France is set to intensify its battle against smoking, with Health Minister Aurelien Rousseau announcing a comprehensive anti-smoking program. The new regulations aim to make no-smoking areas more widespread, shifting the responsibility from local authorities to the central government. Currently, there are 7,200 tobacco-free zones in the country, but Rousseau envisions a broader implementation.
Taxes on cigarettes will see a significant increase, with a pack of 20 expected to rise from the current 11 euros to 12 euros by 2025 and 13 euros the following year. Additionally, the government plans to prohibit single-use disposable e-cigarettes, popular among the youth.
The ambitious goal is to create the "first tobacco-free generation by 2032," fulfilling President Emmanuel Macron's promise. In 2022, France had 23,300 tobacco sales points selling a total of 31 billion cigarettes, with 25 percent of adults over 18 being daily smokers, and 3 million people regularly using e-cigarettes.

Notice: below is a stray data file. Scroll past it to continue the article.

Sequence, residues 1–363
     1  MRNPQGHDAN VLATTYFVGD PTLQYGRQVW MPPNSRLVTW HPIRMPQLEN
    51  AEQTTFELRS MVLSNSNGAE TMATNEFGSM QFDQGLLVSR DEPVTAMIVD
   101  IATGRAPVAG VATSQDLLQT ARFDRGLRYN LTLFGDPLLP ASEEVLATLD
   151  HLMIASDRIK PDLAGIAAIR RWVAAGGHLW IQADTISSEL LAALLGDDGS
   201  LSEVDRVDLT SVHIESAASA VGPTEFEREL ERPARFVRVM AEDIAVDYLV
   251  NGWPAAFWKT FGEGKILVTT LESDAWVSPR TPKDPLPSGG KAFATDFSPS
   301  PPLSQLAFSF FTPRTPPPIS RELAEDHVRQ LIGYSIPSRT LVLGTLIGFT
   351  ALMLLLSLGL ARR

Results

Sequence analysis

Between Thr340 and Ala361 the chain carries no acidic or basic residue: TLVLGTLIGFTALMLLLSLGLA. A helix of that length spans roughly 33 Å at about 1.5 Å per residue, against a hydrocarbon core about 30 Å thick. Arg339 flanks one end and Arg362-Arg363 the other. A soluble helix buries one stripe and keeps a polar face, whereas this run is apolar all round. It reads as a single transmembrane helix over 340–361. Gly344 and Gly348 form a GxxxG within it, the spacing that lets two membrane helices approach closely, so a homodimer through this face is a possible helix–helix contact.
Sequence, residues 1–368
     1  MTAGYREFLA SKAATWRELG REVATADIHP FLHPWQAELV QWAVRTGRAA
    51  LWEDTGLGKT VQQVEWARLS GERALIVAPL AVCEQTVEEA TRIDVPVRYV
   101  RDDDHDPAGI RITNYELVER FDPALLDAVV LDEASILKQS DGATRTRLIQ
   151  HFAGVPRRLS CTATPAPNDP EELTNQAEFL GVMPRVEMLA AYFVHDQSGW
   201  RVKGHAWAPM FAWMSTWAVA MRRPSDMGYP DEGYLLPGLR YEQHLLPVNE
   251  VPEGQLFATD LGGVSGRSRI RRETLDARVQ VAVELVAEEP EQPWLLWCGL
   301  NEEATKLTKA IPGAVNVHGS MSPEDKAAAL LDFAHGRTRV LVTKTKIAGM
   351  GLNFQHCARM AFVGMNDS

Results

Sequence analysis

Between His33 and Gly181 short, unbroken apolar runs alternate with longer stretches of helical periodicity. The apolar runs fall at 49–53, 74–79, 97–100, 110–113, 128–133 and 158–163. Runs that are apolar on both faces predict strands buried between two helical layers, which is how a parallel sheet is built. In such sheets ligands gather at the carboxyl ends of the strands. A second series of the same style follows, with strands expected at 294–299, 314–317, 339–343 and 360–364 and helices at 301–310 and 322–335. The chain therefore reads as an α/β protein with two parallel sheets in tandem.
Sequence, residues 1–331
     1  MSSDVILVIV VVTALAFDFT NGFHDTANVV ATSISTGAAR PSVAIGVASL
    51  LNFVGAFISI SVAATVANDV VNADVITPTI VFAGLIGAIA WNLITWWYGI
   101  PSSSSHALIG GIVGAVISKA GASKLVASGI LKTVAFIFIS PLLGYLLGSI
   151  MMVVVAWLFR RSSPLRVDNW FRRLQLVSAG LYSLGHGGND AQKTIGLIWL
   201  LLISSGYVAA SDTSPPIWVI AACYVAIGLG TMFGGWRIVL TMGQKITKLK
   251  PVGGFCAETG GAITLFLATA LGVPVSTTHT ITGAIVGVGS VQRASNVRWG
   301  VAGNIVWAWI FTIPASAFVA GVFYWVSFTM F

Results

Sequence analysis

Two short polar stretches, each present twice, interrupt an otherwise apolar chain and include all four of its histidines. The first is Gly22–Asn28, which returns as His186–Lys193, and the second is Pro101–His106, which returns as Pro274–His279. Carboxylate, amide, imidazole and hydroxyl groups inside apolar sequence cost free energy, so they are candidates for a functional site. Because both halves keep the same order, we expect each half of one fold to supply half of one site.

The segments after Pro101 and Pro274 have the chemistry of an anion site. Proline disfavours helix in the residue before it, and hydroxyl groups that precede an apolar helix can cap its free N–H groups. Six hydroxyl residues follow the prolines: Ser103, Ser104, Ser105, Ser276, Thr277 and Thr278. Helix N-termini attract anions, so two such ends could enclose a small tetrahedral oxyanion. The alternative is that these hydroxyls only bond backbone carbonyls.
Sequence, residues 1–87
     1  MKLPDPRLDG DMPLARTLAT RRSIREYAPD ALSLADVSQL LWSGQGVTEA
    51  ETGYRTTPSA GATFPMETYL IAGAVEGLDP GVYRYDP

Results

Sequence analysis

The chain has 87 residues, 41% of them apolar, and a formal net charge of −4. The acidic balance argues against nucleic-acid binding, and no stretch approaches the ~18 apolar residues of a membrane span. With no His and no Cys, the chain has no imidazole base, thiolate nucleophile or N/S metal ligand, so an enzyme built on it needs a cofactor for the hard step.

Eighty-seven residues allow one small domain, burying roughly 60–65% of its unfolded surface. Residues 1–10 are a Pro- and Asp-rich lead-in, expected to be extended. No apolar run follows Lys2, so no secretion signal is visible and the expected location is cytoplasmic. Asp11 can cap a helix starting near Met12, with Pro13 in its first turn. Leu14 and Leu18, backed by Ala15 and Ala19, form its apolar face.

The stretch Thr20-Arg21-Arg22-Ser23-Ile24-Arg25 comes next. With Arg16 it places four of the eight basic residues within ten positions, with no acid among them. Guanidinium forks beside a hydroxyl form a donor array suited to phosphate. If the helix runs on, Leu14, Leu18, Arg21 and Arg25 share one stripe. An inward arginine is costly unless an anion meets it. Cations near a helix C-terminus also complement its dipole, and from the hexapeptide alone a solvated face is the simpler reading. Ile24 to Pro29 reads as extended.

A study by health authority Santé Publique France revealed that 31.8 percent of people aged 18 to 75 admitted to smoking, even if not daily. The prevalence of smoking in France stabilized after a decline between 2016 and 2019. Stress from the Covid-19 crisis may have influenced smoking habits, according to the study, which also highlighted higher smoking rates among lower-educated and lower-income populations. Almost 60 percent of daily smokers expressed a desire to quit, with over 26 percent planning to do so within the next six months.
[Information sourced from IFR.fr]